WEDNESDAY, Dec. 18, 2019 (HealthDay News) — Diets with a higher glycemic index (GI) may be a risk factor for insomnia in postmenopausal women, according to a study published online Dec. 11 in the American Journal of Clinical Nutrition.
James E. Gangwisch, Ph.D., from Columbia University in New York City, and colleagues investigated the odds of insomnia among 77,860 postmenopausal women participating in the Women’s Health Initiative Observational Study at baseline (1994 to 1998), and in 53,069 participants after three years of follow-up (1997 to 2001), based upon associations with GI, glycemic load, other carbohydrate measures (added sugars, starch, total carbohydrate), dietary fiber, and specific carbohydrate-containing foods.
The researchers found that in fully adjusted models, higher dietary GI was associated with increasing odds of prevalent (fifth compared with first quintile odds ratio [OR], 1.11) and incident (fifth compared with first quintile OR, 1.16) insomnia. Incident insomnia was associated with higher intakes of dietary added sugars, starch, and nonwhole/refined grains. Higher nonjuice fruit and vegetable intakes were significantly associated with lower odds of incident insomnia, while higher intakes of dietary fiber, whole grains, nonjuice fruit, and vegetables were significantly associated with lower odds of prevalent insomnia.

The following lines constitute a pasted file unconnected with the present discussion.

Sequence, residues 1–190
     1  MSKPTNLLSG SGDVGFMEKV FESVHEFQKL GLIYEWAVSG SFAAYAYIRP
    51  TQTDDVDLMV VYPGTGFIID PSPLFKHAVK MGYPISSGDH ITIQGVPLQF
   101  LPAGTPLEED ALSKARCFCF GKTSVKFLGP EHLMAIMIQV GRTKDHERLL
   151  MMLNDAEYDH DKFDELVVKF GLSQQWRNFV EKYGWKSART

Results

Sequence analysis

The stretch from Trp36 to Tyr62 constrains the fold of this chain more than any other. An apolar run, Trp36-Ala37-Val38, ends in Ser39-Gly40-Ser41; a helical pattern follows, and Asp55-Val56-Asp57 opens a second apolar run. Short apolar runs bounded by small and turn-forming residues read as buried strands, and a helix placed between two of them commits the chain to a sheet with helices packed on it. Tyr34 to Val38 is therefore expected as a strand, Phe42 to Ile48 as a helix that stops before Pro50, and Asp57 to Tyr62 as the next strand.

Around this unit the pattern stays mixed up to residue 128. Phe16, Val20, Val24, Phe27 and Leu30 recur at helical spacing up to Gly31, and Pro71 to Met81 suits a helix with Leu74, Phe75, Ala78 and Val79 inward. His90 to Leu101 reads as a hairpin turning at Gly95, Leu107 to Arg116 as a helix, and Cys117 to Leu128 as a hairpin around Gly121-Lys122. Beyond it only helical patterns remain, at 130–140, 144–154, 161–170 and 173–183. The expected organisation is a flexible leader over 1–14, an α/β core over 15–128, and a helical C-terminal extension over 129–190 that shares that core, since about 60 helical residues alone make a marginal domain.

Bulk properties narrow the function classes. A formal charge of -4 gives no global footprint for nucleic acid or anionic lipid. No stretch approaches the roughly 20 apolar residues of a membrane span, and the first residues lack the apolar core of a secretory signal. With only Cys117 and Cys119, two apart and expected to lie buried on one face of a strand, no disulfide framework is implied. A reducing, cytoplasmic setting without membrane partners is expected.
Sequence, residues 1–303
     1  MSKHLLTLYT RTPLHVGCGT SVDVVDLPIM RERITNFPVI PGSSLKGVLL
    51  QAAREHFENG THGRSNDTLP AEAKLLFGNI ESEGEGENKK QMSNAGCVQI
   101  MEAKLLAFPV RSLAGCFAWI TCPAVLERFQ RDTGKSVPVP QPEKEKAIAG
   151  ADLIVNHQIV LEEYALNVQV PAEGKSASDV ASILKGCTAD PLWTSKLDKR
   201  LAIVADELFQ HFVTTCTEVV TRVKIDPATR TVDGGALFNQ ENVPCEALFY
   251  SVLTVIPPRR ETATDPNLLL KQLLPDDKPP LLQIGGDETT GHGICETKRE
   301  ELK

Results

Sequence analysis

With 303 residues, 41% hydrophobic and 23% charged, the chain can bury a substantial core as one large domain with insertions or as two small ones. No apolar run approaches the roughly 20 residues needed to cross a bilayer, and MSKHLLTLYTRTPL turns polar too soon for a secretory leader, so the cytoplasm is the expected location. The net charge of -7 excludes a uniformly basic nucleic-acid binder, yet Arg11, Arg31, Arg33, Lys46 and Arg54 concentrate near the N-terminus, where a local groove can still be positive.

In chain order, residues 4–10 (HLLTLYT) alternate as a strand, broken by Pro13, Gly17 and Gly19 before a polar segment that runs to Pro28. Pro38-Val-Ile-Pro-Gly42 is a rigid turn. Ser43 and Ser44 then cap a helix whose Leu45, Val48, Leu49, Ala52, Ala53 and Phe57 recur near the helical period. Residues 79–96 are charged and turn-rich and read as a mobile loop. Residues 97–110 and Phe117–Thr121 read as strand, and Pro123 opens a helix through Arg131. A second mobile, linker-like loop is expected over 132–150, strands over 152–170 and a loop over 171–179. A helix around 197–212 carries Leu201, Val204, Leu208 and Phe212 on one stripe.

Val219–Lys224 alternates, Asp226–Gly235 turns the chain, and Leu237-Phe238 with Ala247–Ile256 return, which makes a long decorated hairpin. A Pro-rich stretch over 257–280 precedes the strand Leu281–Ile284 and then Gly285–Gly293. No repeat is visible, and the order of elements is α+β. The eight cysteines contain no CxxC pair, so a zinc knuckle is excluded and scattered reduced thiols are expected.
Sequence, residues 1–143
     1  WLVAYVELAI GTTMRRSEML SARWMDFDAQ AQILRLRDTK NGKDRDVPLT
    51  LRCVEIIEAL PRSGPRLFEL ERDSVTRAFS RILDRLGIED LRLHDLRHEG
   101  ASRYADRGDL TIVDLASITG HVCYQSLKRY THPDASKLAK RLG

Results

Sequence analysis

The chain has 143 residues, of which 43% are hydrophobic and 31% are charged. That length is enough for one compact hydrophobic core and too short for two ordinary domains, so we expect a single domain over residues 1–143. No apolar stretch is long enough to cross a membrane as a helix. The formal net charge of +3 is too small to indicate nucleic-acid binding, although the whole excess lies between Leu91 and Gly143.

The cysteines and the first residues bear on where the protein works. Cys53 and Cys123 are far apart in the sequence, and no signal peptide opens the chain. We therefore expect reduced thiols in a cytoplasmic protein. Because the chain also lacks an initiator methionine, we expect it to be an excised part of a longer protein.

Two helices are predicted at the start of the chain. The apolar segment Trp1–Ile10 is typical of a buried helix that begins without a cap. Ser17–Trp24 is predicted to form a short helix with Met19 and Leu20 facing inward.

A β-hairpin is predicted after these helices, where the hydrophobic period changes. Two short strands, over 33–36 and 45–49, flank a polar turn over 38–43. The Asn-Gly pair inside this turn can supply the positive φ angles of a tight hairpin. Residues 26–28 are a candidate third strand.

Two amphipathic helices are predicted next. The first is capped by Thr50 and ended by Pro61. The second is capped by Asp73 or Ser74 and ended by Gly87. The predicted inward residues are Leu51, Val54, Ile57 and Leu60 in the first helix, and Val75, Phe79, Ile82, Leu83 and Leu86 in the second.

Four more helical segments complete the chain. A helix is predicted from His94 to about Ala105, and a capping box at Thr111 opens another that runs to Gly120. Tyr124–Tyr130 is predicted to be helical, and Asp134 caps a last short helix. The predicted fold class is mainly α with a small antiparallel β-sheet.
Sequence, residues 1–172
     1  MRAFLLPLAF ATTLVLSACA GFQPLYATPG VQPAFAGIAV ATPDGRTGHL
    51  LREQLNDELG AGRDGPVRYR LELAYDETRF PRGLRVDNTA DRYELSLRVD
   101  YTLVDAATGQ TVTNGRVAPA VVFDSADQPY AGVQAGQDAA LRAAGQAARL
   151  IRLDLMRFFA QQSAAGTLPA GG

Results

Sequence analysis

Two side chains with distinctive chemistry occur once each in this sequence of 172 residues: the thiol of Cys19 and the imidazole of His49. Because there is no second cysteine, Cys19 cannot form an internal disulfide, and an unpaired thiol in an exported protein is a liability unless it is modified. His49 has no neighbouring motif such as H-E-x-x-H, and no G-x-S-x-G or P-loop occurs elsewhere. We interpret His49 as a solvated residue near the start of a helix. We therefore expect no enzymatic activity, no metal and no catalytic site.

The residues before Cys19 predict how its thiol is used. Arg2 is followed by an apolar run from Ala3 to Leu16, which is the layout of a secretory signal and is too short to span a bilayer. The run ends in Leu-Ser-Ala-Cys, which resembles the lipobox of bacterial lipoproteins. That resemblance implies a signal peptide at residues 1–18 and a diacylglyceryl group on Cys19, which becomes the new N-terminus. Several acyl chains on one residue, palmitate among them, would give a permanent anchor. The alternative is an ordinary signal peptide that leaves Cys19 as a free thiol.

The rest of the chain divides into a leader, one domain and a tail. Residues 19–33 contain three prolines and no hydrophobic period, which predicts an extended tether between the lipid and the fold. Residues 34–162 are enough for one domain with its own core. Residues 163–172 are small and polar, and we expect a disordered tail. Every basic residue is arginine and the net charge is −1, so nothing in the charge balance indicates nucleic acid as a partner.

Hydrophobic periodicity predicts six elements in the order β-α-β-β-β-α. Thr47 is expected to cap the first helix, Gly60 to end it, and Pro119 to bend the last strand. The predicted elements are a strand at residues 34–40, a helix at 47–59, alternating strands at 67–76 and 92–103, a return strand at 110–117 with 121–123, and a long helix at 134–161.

“By identifying other factors that lead to insomnia, we may find straightforward and low-cost interventions with fewer potential side effects,” Gangwisch said in a statement.
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